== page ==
Happy World Oceans Day.
I am delighted to join you to mark both World Oceans Day and the thirtieth anniversary of the United Nations Convention on the Law of the Sea.
The “Constitution of the Oceans” has given the world real results.
The Convention set up the three institutions represented here today. Each is active in its field, dealing with the settlement of disputes … the continental shelf … and the international seabed.
In addition, the Convention provided the legal framework to settle disputes through the International Court of Justice or through arbitration.
The treaty has proved the truth of its preamble, which states that the Convention has historic significance as “an important contribution to the maintenance of peace, justice and progress for all peoples of the world.”
Unfortunately, humankind has not returned the favour.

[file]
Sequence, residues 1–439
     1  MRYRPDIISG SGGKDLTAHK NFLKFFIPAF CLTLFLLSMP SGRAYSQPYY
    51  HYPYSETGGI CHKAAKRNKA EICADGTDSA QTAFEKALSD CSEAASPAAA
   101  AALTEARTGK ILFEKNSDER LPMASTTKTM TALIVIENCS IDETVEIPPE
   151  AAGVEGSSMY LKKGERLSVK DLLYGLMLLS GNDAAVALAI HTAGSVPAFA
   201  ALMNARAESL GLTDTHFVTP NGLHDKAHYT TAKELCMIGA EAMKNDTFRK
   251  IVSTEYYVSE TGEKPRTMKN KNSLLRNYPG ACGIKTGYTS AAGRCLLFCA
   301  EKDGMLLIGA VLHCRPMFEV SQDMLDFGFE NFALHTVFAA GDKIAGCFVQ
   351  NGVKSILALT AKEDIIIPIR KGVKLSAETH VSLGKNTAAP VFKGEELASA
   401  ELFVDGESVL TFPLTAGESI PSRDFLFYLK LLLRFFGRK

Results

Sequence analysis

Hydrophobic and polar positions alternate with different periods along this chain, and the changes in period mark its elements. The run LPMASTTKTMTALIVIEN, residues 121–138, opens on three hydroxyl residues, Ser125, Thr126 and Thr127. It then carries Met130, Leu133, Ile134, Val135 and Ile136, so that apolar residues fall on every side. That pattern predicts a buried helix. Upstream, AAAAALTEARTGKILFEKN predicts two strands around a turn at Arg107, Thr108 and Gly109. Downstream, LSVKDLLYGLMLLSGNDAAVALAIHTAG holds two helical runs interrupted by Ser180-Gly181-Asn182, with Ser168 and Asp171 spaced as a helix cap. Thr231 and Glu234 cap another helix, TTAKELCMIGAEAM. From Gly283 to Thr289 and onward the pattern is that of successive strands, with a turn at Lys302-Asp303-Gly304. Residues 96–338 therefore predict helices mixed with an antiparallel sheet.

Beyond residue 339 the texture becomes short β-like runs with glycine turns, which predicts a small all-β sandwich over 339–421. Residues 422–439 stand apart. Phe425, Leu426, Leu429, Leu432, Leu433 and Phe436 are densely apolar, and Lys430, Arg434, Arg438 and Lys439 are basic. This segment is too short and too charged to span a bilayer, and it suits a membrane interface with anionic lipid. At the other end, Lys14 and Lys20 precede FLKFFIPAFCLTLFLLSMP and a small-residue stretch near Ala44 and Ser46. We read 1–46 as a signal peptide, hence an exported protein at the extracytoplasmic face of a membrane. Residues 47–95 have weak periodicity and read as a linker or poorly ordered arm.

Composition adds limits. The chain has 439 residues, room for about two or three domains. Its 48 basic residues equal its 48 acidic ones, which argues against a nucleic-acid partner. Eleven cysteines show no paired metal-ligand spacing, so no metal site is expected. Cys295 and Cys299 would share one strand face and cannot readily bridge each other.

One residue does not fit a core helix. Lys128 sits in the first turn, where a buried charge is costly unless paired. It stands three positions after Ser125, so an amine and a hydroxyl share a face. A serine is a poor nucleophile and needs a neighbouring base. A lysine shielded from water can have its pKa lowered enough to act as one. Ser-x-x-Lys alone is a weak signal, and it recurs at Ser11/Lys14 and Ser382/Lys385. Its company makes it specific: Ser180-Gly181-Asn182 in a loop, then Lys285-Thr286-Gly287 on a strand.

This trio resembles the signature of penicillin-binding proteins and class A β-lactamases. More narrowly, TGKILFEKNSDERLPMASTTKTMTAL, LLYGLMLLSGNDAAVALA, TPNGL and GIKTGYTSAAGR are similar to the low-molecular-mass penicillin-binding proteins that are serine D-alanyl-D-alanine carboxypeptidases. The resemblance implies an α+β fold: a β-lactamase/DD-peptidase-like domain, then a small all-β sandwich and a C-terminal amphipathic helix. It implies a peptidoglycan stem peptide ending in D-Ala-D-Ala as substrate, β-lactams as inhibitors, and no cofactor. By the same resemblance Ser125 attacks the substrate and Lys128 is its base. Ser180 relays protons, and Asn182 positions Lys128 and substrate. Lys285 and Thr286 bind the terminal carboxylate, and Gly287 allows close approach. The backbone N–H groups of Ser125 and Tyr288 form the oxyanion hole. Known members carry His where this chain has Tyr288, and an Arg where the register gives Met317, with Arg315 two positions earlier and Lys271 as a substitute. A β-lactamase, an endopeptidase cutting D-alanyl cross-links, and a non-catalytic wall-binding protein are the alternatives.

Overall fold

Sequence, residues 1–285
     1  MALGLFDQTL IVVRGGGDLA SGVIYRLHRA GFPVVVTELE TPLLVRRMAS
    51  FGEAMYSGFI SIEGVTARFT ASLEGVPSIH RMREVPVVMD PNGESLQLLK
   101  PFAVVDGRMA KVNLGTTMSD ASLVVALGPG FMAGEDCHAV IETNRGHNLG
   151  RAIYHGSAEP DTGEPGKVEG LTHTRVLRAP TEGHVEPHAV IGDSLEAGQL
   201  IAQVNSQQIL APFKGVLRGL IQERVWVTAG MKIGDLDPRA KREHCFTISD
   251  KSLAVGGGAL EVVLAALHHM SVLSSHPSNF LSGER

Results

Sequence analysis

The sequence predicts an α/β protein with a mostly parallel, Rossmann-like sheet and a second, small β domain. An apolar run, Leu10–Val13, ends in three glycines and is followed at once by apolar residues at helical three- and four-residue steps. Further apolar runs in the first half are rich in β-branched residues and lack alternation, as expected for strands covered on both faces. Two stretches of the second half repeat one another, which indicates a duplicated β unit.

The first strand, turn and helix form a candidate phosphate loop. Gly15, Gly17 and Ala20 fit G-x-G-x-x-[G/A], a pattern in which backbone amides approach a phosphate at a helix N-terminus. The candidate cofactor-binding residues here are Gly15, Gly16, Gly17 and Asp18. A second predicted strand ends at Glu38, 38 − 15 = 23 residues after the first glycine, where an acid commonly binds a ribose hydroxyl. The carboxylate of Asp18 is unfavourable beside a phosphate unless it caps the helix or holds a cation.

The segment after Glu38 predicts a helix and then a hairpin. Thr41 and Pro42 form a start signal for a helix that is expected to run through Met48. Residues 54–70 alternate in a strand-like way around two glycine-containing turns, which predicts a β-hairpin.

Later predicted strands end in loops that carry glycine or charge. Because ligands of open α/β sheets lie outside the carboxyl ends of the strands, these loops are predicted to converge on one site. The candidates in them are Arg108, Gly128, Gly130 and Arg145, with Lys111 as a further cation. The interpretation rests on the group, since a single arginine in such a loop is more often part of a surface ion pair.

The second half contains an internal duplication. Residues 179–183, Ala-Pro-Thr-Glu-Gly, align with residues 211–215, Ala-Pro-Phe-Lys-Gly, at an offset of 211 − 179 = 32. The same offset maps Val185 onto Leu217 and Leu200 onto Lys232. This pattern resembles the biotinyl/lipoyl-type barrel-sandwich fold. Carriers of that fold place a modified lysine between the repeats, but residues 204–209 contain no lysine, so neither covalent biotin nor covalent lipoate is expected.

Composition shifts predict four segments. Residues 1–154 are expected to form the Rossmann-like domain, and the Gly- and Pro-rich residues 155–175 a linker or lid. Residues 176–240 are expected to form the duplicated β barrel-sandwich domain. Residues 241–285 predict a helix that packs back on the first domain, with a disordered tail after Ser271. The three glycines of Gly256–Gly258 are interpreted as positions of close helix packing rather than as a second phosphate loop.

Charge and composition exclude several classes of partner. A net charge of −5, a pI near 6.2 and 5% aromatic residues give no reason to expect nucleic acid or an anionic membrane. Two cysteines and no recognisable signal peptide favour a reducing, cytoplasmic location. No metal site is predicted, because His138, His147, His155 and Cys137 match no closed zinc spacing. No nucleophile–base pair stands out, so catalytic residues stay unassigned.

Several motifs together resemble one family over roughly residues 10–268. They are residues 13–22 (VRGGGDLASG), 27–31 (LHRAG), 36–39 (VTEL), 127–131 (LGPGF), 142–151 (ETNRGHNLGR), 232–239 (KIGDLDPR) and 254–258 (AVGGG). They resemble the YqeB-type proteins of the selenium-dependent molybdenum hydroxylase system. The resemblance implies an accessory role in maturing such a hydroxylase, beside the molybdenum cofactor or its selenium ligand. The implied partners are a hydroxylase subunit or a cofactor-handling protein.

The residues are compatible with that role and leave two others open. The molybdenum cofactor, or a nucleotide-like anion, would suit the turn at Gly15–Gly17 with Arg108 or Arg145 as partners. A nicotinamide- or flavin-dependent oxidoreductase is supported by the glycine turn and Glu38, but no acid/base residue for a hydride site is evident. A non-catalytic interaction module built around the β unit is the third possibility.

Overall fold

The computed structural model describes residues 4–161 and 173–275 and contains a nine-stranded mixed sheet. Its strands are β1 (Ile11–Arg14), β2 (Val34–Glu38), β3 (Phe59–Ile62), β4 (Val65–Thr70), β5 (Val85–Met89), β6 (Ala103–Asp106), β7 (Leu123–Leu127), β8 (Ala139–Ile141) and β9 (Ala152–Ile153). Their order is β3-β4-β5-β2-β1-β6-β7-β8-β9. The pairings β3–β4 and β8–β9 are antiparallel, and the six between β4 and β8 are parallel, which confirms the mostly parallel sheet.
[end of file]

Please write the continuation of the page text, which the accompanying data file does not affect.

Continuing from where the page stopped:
Countries and companies use oceans as dumping grounds for millions of tons of waste, some of it toxic and hazardous. Fisheries are depleted. Climate change worsens this assault.
We will have an opportunity to address these urgent problems when the United Nations Conference on Sustainable Development opens in less than two weeks.
This will be a once-in-a-generation opportunity to shape the future we want.
At Rio+20, I expect all partners to take steps to improve the management and conservation of oceans. We need to curb overfishing … better protect the marine environment … and cut pollution.
In this effort, we can learn from three decades of experience with the Convention, which should continue to be our guide in establishing the rule of law on the world’s oceans and seas.
That is why I am so eager to hear from the experts in the room. I hope you can help us identify ways to better use this treaty for sustainable development.
This would be the best way to mark the Convention’s thirtieth anniversary and World Oceans Day.
In that spirit, I wish you great success.
Thank you very much.